Creamy Red Chard Linguine. (Deb Lindsey/For The Washington Post)

If the phrase “cashew cream” doesn’t mean anything to you, then you’re definitely not vegan. Soaked cashews blended with water to create a substitute for cream is a foundation of vegan cooking.

Here’s the thing: I’m not vegan. I eat dairy. But I’m also trying to eat more healthfully, and in trying recipes here and there that use the ingredient — and loving them — I’m starting to realize that cashew cream should be on the must-try list for anybody, vegan or not, who wants to cut back on calories and saturated fat.

Or, frankly, for anyone who just wants something that tastes good. Turns out that using cashew cream is anything but a sacrifice.

My first aha! moment with the stuff came when I tried a recipe for tempeh in mushroom cream sauce this year. The sauce had a touch of richness, a silky texture, and yet it wasn’t as heavy as it would have been with actual cream.

The same qualities demonstrated themselves when I made a red chard linguine from the revised, 10th-anniversary edition of Isa Chandra Moscowitz’s “Vegan With a Vengeance” (Da Capo, 2015). The sauce, which turns a lavender color from the chard stems and red wine, thickens up wonderfully with the addition of the cashew cream, which you make by soaking the raw nuts for a couple of hours before blending for a few minutes (or less if you have a high-speed blender like a VitaMix).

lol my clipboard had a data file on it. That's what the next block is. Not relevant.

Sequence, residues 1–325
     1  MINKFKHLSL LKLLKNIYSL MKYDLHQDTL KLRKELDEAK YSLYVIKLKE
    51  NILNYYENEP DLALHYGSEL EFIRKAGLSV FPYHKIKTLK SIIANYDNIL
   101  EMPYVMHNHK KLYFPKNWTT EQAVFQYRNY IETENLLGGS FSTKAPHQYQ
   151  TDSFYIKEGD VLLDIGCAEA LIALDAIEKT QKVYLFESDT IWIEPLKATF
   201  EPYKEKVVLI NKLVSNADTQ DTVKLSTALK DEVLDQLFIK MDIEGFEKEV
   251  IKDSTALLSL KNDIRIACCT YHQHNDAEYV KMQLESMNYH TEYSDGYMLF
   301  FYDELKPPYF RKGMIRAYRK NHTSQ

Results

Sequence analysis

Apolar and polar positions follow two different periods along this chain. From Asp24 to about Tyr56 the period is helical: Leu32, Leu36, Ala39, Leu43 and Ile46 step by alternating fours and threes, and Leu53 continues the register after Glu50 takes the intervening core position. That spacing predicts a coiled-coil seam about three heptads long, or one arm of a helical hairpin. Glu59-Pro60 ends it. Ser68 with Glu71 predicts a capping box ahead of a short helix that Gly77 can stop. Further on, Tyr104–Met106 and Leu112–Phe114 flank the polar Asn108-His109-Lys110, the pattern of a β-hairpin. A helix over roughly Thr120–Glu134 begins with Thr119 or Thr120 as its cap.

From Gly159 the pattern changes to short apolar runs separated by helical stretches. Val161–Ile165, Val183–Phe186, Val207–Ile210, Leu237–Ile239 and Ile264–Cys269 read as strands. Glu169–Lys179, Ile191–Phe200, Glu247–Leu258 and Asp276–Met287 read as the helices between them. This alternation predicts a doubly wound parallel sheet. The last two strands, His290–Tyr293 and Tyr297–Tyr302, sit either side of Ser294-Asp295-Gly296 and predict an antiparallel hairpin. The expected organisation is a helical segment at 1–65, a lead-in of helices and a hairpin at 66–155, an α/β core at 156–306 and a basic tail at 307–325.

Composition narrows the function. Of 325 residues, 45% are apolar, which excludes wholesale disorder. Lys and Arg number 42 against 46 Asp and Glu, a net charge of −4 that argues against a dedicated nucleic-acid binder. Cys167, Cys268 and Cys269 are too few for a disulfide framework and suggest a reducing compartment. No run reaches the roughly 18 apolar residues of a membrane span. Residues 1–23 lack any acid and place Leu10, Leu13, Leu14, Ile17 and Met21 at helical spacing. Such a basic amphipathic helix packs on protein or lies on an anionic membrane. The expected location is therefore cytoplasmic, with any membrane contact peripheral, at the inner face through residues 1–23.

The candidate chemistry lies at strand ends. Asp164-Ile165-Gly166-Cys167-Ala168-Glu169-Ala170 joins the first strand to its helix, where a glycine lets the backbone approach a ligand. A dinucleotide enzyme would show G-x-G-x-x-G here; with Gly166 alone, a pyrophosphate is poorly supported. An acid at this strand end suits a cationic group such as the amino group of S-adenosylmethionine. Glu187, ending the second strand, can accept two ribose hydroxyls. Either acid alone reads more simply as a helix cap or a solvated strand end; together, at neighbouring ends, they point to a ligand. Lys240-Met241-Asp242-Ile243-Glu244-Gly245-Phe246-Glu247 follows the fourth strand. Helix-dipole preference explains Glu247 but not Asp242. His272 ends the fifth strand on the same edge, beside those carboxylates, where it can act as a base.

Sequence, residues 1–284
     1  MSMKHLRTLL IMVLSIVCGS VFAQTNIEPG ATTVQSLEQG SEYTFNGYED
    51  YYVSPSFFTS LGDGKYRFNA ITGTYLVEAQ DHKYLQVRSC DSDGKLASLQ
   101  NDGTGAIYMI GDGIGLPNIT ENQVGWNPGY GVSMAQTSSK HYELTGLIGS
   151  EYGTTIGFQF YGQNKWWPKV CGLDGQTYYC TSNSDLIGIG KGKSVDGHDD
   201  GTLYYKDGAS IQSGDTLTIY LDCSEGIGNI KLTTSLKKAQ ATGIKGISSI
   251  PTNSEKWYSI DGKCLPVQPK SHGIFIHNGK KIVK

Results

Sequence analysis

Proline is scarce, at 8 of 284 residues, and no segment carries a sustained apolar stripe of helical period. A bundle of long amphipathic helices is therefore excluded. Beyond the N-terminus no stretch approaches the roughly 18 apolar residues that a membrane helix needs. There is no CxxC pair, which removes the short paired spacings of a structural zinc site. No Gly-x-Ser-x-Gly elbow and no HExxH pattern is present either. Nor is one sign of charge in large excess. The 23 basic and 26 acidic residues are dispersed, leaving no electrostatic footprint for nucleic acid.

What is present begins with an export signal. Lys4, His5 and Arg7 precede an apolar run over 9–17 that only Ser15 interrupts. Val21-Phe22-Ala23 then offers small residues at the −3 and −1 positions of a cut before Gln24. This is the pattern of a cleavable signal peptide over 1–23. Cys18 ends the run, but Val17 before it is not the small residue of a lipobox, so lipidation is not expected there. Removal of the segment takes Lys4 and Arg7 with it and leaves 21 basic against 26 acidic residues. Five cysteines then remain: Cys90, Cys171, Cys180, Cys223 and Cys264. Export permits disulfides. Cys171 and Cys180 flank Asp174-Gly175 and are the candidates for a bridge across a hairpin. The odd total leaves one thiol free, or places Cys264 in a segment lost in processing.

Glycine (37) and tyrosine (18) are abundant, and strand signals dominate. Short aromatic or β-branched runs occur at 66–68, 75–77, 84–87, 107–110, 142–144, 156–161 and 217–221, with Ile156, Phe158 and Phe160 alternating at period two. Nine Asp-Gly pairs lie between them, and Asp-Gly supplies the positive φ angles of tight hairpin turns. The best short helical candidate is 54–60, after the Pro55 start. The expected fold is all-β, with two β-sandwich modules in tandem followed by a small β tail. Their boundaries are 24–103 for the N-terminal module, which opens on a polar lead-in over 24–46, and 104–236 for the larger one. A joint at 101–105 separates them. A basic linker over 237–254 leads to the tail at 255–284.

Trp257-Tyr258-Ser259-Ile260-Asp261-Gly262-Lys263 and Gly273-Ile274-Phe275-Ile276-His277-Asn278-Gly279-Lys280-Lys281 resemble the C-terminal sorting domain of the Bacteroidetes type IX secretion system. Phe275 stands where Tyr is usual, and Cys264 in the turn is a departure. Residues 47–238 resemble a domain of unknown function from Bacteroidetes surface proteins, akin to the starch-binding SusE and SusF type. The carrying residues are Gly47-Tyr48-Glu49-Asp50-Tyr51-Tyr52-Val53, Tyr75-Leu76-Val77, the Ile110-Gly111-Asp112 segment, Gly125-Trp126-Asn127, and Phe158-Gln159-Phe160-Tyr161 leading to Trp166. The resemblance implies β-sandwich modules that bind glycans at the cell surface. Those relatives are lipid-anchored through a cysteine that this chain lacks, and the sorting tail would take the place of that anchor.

Even better, when I did a nutritional analysis comparison — the original recipe vs. a version where I swapped in cream for the cashew concoction — the difference was stark: 2.5 grams of saturated fat compared with 18, 460 calories compared with 640.

I don’t make every eating choice based on nutrition alone (as my waistline can attest), but when the better-for-you option also happens to be delicious, there’s really no reason not to take it.